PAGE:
220 Mass. 79

October 8, 1914 - Januaray 2, 1915

Suffolk County


Fraternal Beneficiary Corporation, Designation of beneficiary. Equity Pleading and Practice, Decree.

If a member of a Massachusetts fraternal beneficiary corporation and a holder of one of its death benefit certificates after the death of his wife designates his cousin as the beneficiary under his certificate upon an agreement by the cousin that he will use the proceeds of the certificate to pay debts of the certificate holder and will hold the balance for the benefit of the certificate holder's children, who will be his sole next of kin, such children after the death of the

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certificate holder may maintain a suit in equity to have the designation of the cousin as beneficiary declared invalid, to enjoin the payment of the death benefit to him and to compel its payment to them, although in designating the cousin as beneficiary under the agreement above described the certificate holder had no intent to evade the laws of the Commonwealth or the constitution and bylaws of the corporation and acted under the advice of counsel.

After the hearing of a suit in equity, the judge filed a memorandum of his findings and refused certain requests of the plaintiff for rulings. From a bill of exceptions filed by the plaintiff it appeared that the rulings of the trial judge were wrong but that, upon a proper application of the law to the facts found by the judge, it was clear that the whole case was before this court and that a decree should be made for the plaintiff, and therefore this court under St. 1913, c. 716, § 3, ordered that such a decree be entered.

BILL IN EQUITY , filed in the Superior Court on October 15, 1912, by the surviving children of John F. O'Brien, late of Boston, who constituted his sole next of kin, against the Massachusetts Catholic Order of Foresters, a Massachusetts fraternal beneficiary corporation of which John F. O'Brien at the time of his death was a member and a holder of a death benefit certificate, and one Augustine A. Donovan, a cousin of John F. O'Brien, whom O'Brien after the death of his wife had designated as his sole beneficiary. The plaintiffs alleged that the designation of Donovan as beneficiary was procured through fraud and undue influence on his part and on the part of one Ellen F. Beals and brought this suit to enjoin the payment of the death benefit to Donovan.

The suit was heard by Jenney, J., who filed a memorandum of facts found and rulings made by him. Among other facts, he found that the designation of Donovan as beneficiary was not procured by the fraud or undue influence of Donovan or of Beals, but was the free and voluntary act of O'Brien.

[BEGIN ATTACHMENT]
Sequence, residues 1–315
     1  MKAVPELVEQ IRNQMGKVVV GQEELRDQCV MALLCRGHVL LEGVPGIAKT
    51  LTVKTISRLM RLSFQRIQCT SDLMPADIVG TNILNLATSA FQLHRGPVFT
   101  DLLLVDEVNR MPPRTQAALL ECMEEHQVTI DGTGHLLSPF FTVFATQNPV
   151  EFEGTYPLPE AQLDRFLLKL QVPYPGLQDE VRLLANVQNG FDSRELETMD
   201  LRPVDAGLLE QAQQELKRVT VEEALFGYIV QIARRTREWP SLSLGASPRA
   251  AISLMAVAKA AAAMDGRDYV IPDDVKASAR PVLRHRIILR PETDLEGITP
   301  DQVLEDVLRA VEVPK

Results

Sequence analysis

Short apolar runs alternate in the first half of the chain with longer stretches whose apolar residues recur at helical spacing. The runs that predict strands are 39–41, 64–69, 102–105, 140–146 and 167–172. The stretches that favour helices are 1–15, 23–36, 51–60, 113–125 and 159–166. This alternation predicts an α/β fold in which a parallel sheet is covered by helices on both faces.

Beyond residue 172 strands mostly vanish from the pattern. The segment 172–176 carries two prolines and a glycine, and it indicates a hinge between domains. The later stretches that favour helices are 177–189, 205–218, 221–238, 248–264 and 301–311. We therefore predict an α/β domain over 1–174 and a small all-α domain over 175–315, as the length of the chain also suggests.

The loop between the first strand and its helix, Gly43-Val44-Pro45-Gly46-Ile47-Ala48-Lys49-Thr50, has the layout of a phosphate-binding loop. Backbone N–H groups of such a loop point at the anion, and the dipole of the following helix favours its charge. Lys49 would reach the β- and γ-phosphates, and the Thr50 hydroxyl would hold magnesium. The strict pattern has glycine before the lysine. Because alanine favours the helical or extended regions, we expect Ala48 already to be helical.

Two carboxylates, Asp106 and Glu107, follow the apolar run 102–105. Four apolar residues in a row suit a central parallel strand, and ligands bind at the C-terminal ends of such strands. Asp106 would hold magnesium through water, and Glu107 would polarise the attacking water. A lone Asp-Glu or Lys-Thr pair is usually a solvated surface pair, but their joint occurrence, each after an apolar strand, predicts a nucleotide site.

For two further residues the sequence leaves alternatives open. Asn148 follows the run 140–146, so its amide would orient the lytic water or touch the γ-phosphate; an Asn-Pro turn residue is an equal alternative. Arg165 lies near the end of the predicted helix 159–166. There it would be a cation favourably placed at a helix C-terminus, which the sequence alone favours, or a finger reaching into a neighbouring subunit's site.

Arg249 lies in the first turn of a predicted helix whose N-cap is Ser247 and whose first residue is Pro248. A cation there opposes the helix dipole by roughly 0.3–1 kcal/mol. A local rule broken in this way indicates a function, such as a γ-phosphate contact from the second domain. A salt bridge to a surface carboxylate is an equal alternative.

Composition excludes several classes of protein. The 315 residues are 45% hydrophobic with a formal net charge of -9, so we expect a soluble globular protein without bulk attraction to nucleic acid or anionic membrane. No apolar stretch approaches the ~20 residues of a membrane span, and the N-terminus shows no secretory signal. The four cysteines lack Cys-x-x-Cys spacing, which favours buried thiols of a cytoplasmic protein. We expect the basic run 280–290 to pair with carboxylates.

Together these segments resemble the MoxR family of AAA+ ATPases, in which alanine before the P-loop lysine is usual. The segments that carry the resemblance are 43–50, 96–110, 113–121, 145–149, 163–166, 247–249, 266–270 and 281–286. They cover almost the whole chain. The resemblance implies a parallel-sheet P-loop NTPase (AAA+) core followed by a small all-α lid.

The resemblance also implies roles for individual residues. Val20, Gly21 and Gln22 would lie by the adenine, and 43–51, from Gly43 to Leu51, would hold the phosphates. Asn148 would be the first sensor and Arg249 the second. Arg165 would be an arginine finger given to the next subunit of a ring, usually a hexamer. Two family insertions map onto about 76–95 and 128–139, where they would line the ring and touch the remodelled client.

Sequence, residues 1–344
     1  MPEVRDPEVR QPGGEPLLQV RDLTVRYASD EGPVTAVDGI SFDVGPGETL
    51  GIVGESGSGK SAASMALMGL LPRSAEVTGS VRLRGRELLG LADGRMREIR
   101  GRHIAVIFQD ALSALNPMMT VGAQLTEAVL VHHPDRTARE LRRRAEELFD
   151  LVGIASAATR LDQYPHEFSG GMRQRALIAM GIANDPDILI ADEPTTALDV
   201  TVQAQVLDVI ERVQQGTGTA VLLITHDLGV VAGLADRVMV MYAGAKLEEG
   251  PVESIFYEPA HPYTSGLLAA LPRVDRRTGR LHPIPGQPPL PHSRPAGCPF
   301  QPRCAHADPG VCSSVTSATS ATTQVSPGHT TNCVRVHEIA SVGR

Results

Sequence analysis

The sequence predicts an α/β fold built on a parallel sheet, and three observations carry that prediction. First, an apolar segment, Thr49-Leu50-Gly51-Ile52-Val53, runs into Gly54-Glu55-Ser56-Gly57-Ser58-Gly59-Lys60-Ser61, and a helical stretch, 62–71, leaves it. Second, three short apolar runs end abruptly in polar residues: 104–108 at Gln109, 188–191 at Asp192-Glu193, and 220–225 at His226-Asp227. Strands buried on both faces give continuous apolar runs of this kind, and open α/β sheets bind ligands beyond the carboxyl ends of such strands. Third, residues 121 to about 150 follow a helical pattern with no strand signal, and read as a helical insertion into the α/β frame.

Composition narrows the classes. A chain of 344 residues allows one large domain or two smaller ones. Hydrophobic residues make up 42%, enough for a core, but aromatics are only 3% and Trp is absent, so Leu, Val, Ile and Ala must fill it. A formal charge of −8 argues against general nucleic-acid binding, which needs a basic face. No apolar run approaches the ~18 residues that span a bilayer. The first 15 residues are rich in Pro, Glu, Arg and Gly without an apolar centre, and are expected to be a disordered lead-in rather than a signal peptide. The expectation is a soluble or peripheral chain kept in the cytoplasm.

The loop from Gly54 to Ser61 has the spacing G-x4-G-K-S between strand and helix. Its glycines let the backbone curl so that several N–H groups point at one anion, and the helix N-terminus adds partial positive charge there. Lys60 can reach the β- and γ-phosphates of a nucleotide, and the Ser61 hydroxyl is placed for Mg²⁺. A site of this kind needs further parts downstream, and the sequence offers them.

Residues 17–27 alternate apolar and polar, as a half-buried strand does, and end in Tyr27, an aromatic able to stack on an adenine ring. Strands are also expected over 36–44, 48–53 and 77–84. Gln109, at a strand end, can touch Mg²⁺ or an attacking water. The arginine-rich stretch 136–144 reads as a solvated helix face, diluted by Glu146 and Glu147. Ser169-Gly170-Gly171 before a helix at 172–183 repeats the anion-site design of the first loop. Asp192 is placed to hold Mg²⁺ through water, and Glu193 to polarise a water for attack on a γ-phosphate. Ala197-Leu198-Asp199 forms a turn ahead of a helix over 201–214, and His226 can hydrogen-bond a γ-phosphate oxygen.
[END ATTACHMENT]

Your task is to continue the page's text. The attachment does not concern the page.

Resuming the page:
Other material facts found by the judge are stated in the opinion.

The plaintiffs asked for the following rulings among others:

"2. The designation of a beneficiary of the death benefit fund in the defendant association, to be valid, must be of a person within the classes prescribed by statute and the by-laws of the association, and the limitation of beneficiaries to said classes cannot be evaded by the designation of an eligible person who secretly agrees to take the fund as trustee for the benefit of a person or persons ineligible.

"3. The facts and evidence in this case warrant a finding that

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the designation of the respondent Donovan as beneficiary was made, not because he was in any sense a 'dependent' or 'relative' of the deceased, but for the express purpose of having said Donovan pay certain creditors of the deceased out of the death benefit fund with perhaps a balance over for himself and said Mrs. Beals or his children. In other words: that said designation was simply an attempt to circumvent the constitution and by-laws of the association and defeat the very purpose for which said mortuary fund was established and one of the principal objects for which the association itself was organized, viz.: 'making suitable provision for the widows, orphans, relatives, and dependents of deceased members' and if the court so finds then said designation is void."

"9. The deceased had no power or authority to dispose of the death benefit fund of the order for the benefit of his creditors directly or indirectly, by will or otherwise, and if the Court finds that the defendant Donovan was named as beneficiary, not that he should have the death fund, or any part of it, for his own benefit, but simply as a subterfuge and under a secret agreement, so that he, being a 'relative' could draw the money for the benefit of certain creditors of the deceased including Mrs. Beals with the remainder if any for the children, then said designation is void so far as the creditors are concerned, and the whole fund in equity belongs to the children."